Super creates “lavenous” good time for all

On the night of September 26, the magician and illusionist Mike Super came to Seton Hill University (SHU) to dazzle both students and guests with spectacular enchantments and slight of hand. SHU’s Student Activities Council (SAC) sponsored the event and a significant amount of people filled Cecilian Hall in excited anticipation.

Mike Super is probably most well-known for being the winning illusionist of 2007 NBC’s hit television show “Phenomenon.” SHU’s audience was not disappointed by either illusions or his charismatic stage presence. In his opening address to the fans, Super called himself the “Nintendo Wii of magicians” when describing the fact that his show was an interactive one. He also made note of his wish to popularize his own made-up word “lavenous,” which can have any meaning that the user wishes at any particular moment. When recounting his new found fame after winning “Phenomenon,” Super referred to himself as, “The Kelly Clarkson of Magic.”

By Maddie Gillespie

Layout Editor

On the night of September 26, the magician and illusionist Mike Super came to Seton Hill University (SHU) to dazzle both students and guests with spectacular enchantments and slight of hand. SHU’s Student Activities Council (SAC) sponsored the event and a significant amount of people filled Cecilian Hall in excited anticipation.

Mike Super is probably most well-known for being the winning illusionist of 2007 NBC’s hit television show “Phenomenon.” SHU’s audience was not disappointed by either illusions or his charismatic stage presence. In his opening address to the fans, Super called himself the “Nintendo Wii of magicians” when describing the fact that his show was an interactive one. He also made note of his wish to popularize his own made-up word “lavenous,” which can have any meaning that the user wishes at any particular moment. When recounting his new found fame after winning “Phenomenon,” Super referred to himself as, “The Kelly Clarkson of Magic.”

Super seemed to delight in having his audience either laughing or waiting with baited breath for his next illusion. Laura Gonnella, a sophomore, said, “I really liked that instead of being mysterious like other illusionists, he used humor. He made me laugh so hard!” Super made no pretense about the fact that he was using illusions and slight of hand to amaze his fans, but it’s hard to believe that anyone cared after Super’s mind-boggling show.

Aja Hannah, a freshman, said, “He was funny and really incorporated the audience. It was a good performance for SHU students because it kept us entertained and gave us personal experiences to take home with us.” Hannah also participated onstage in the show when Super appeared to have made an origami-folded paper come to life in his hands. Though nervous at the start, Hannah did well and was given a gift of a rose out of fire by Super. “It was fun to see a magician do his ‘magic’ up close…I can say I’ve met someone famous,” said Hannah.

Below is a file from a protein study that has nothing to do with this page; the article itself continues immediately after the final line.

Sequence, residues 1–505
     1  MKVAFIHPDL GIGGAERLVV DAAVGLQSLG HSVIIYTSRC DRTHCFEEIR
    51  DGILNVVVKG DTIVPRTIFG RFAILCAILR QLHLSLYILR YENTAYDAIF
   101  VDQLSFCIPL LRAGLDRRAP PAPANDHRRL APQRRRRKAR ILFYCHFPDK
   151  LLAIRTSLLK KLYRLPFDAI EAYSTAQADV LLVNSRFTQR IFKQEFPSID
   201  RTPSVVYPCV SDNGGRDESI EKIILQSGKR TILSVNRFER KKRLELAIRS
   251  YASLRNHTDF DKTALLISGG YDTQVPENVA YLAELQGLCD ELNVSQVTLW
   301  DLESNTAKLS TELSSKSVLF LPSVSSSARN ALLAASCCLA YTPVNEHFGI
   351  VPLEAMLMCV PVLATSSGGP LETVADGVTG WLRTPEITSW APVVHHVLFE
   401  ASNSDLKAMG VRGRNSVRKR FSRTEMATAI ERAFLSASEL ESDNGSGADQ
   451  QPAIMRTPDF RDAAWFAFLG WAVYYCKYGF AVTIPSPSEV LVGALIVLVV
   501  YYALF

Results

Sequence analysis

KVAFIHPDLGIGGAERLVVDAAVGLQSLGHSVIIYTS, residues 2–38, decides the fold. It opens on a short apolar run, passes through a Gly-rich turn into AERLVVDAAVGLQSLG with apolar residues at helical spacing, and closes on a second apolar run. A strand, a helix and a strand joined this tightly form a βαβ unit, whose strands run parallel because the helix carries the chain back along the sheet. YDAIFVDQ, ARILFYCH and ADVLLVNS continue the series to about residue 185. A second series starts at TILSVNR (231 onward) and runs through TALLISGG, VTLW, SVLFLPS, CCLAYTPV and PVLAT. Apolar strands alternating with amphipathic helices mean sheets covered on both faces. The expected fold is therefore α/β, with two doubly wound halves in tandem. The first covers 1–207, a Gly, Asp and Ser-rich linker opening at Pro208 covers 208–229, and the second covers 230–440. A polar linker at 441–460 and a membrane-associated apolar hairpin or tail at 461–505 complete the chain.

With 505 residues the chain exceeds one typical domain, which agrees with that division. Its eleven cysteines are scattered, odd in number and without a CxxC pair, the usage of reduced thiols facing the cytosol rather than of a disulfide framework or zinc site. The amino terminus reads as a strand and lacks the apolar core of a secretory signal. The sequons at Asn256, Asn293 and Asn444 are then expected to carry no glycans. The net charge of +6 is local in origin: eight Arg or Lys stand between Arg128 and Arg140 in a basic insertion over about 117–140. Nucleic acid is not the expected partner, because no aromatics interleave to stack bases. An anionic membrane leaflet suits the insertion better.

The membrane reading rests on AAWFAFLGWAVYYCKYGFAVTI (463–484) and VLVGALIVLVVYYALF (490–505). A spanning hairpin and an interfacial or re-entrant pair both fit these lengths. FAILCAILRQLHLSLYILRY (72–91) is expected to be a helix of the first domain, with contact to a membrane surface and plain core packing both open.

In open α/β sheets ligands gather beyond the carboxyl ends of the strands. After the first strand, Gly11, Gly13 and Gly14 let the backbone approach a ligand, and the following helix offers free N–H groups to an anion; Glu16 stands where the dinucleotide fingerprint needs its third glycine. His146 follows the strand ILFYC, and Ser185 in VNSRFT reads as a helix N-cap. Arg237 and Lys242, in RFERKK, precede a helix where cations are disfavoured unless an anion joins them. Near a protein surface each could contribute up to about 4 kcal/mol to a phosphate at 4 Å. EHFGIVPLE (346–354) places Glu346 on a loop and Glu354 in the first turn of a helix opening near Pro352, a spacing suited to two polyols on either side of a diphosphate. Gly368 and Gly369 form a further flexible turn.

Chelsea Bloam, a sophomore, volunteered to assist Super with his rope illusion. “I was impressed. I kept paying attention to it and trying to see how it was all happening, but I really could not figure it out,” said Bloam. Super had Bloam cut the rope in various lengths numerous times, but he always made it appear as unequal lengths. As a souvenir and thank you for helping out, Super gave Bloam the rope. There was definitely nothing strange about the rope; I have it now in my room and everyone can look at it,” she said.

However, not all were outstandingly impressed by Super’s illusions and his stage demeanor. Jeanine O’Neal, a sophomore, said, “He was using mediocre illusions…I know how these tricks are performed.” O’Neal also said that she was most interested by Super’s disappearing illusion, even though that was only because she did not know how exactly he accomplished this feat. “Besides his corny jokes, frequent pauses for product placement, and the tricks which he performed sub-par for having a quarter of a million dollars to spend on perfecting them, he was entertaining. I can give him that,” said O’Neal.

SHU students seemed to love Super’s illusion that involved completely evaporating a living girl into a 13 square inch box and then plunging three solid metal swords through the box. In total, Super performed seven main illusions and voodoo magic to delight the crowd.

photo 10 issue 4